I like magic with rules. I like fantasy stories in which magic isn't "magic"- it's just the way the world works, part of physics that just happens to be different from ours. As a programmer myself, I'm also fond of fantasy stories with computers in them- things like The Silicon Mage and parts of the Castle Perilous books. The astute reader may recognize the title as a play on Structure and Interpretation of Computer Programs. And I'm certainly not the first to invent a magic system based on computer programming, but I think I've got a pretty fun personal take on the concept.
Several years ago, Eliezer Yudkowsky published a short story called Initiation Ceremony, a followup to the essay "To Spread Science, Keep it Secret"; the central idea here is that people like knowing secrets and being part of conspiracies- so if we want to increase scientific literacy and respect for science, maybe the best route would actually be to keep it secret! Or, put on a show of doing so, at least.
That got me thinking- what if there was a real practical reason why some particular science had to be kept secret?
Maybe the universe itself is programmable, and that fact needs to be hidden from malicious hackers (not terribly unique yet).
Maybe the universe is programmable, and it's ridiculously easy to do, if you know the trick. So easy that literally anybody can access the super-user interface with 5 minutes instruction to tell them how; but if you don't know what you're doing, an improperly educated person could accidentally destroy the world....
That's something worth keeping as a very carefully controlled secret. Plausibly, that would be very difficult to do indefinitely. So perhaps we're looking at a world that has undergone multiple cycles of civilization and destruction, whenever the secret gets into the wrong hands.
So, how does the programming interface work? Why, by giving instructions to demons of course! Humans acquiring magical powers by making deals with supernatural creatures- demons, angels, or what-have-you- is an old and respectable fantasy trope; we just need to set up some rules that make it more like computer programming, and less like Dr. Faustus. If demons are really good at following directions, but natively really stupid, like computers....
In more detail: Presume that the universe is animist, down to the very lowest levels. Basically, it works like our world, but the thing that "breathes fire into the equations and makes a universe for them to describe" is that every particle is actually an animist intelligence which has been instructed in the rules of physics that it is meant to follow (by whom!?). Additional intelligences exercise hierarchical control over various higher levels of organization- most notably, there's a primordial intelligence, or spirit, behind every living organism, including every human, and a lot of inanimate objects too, a fact which would be objectively, scientifically verifiable to a properly-trained thaumatologist. If you could talk to the intelligence behind an electron, or anything else, and tell it to behave differently, it would, just like you can talk to a person and convince them to do things- but how do you talk to an electron? You need some kind of intermediary, someone or something that can communicate directly with the fundamental intelligences of the animist world, but which can also understand you, the magician.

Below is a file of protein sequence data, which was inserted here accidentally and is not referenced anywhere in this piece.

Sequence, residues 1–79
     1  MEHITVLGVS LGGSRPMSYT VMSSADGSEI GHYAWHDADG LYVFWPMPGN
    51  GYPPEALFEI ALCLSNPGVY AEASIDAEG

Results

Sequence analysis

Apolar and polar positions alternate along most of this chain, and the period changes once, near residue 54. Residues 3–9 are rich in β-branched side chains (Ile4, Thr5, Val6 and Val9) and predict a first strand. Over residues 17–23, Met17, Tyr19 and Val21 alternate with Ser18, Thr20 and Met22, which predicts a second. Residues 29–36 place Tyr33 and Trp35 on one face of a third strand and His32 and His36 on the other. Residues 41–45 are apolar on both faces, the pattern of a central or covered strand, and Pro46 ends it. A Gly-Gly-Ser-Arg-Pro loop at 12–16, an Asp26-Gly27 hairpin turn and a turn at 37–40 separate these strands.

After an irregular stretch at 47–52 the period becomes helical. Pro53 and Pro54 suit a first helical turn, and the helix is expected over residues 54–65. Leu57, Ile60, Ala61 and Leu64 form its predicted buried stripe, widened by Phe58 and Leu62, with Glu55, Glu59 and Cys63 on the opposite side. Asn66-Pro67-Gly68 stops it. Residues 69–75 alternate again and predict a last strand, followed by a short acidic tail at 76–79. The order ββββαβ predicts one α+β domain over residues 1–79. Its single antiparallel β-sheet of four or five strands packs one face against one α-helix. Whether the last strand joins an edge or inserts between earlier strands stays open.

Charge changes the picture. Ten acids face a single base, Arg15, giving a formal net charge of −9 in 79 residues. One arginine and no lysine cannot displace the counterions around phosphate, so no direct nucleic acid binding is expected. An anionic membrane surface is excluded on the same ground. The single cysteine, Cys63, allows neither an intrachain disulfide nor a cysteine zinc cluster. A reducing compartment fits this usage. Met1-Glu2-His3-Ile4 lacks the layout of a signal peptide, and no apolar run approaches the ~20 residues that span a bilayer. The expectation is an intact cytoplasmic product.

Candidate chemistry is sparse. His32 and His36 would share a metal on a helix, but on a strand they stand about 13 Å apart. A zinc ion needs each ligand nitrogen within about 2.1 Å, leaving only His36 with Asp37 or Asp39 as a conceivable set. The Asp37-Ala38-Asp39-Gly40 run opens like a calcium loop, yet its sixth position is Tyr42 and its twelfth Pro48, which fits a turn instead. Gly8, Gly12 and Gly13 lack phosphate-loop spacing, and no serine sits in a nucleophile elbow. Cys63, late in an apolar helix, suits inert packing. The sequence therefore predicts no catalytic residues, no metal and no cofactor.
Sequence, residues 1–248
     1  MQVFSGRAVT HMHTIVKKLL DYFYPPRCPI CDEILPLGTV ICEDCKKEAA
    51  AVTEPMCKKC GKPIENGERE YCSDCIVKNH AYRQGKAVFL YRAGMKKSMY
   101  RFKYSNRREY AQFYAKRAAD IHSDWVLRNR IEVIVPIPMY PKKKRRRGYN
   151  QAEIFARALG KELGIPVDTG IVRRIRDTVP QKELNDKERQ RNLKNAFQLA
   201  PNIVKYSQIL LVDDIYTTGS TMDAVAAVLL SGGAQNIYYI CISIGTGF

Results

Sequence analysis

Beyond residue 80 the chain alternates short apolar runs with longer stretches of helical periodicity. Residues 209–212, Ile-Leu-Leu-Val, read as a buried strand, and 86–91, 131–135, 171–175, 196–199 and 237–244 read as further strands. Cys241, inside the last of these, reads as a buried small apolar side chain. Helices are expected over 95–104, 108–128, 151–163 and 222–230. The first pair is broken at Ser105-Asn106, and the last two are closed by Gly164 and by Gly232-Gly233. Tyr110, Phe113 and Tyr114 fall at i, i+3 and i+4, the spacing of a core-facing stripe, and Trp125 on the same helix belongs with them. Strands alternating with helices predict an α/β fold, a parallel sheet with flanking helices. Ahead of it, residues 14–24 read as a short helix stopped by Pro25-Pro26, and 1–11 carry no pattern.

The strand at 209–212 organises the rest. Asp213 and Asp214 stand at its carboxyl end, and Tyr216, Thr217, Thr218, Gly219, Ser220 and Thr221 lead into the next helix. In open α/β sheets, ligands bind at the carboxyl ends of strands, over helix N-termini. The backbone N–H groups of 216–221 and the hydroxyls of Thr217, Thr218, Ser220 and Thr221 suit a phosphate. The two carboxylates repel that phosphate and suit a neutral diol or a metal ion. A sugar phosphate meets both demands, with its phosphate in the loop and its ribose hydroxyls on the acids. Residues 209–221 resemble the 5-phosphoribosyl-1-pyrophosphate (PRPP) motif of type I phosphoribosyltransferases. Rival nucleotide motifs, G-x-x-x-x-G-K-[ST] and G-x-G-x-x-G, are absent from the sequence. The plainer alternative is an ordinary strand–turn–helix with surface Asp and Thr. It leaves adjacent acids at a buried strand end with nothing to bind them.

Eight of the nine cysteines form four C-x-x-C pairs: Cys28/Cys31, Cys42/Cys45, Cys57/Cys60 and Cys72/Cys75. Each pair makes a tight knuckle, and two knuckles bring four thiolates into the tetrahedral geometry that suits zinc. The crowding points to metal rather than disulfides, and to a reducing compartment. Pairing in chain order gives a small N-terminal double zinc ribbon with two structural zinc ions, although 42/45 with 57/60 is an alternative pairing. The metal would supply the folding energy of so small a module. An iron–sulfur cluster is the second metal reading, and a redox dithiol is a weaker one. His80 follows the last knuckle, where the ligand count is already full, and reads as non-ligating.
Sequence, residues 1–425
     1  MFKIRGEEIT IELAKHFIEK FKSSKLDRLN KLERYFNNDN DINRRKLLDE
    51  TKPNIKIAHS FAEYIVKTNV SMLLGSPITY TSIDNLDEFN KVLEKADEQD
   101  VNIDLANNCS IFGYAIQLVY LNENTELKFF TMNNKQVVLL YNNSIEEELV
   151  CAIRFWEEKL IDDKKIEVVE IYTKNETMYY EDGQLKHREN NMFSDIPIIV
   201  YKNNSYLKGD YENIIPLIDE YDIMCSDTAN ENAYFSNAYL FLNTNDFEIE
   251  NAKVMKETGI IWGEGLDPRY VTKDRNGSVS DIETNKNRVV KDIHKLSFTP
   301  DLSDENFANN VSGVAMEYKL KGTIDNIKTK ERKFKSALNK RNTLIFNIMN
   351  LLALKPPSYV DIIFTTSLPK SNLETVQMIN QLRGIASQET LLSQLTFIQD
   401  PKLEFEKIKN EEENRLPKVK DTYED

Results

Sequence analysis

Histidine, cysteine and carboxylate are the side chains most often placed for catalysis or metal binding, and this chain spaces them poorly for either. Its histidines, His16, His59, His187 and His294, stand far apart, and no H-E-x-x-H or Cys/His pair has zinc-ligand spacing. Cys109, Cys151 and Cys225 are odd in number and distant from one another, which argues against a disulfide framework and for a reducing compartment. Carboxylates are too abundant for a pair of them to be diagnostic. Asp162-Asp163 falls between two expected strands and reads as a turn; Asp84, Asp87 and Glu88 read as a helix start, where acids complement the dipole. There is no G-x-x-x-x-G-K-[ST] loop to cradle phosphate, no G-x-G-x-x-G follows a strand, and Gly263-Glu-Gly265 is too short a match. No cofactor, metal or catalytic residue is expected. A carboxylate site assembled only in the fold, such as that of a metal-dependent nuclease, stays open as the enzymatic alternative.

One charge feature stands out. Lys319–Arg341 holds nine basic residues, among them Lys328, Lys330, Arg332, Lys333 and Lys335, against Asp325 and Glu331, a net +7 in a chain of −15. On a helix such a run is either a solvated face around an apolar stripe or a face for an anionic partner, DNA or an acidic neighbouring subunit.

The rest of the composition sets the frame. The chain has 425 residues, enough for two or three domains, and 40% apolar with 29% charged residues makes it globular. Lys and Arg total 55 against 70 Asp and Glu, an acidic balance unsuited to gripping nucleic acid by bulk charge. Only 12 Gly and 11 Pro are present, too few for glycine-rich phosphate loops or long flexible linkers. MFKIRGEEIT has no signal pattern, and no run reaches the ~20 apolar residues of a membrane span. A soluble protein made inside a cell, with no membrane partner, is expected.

Now we get into some theology- an empirical science in this world, even if not everyone believes in precisely the same religion! Clearly, someone had to give the electrons and such their initial instructions; the world was formed out of a chaos of primordial intelligences at all levels of advancement by a Creator, who picked the simplest intelligences for the jobs of being fundamental particles, and also instructed them to obey certain kinds of commands under certain circumstances from more advanced intelligences, thus providing a mechanism for the intelligences selected to serve as human spirits (and those of other animals) to exercise free will over their bodies. This implies two things: first, that even really simple primordial intelligences must be aware of each other and capable of communicating with each other, and also capable of solving fairly complicated mathematical problems extremely rapidly; and second, that, given the finite number of animals in the world, that there is still an infinite number of advanced intelligences left in the primordial chaos outside the world.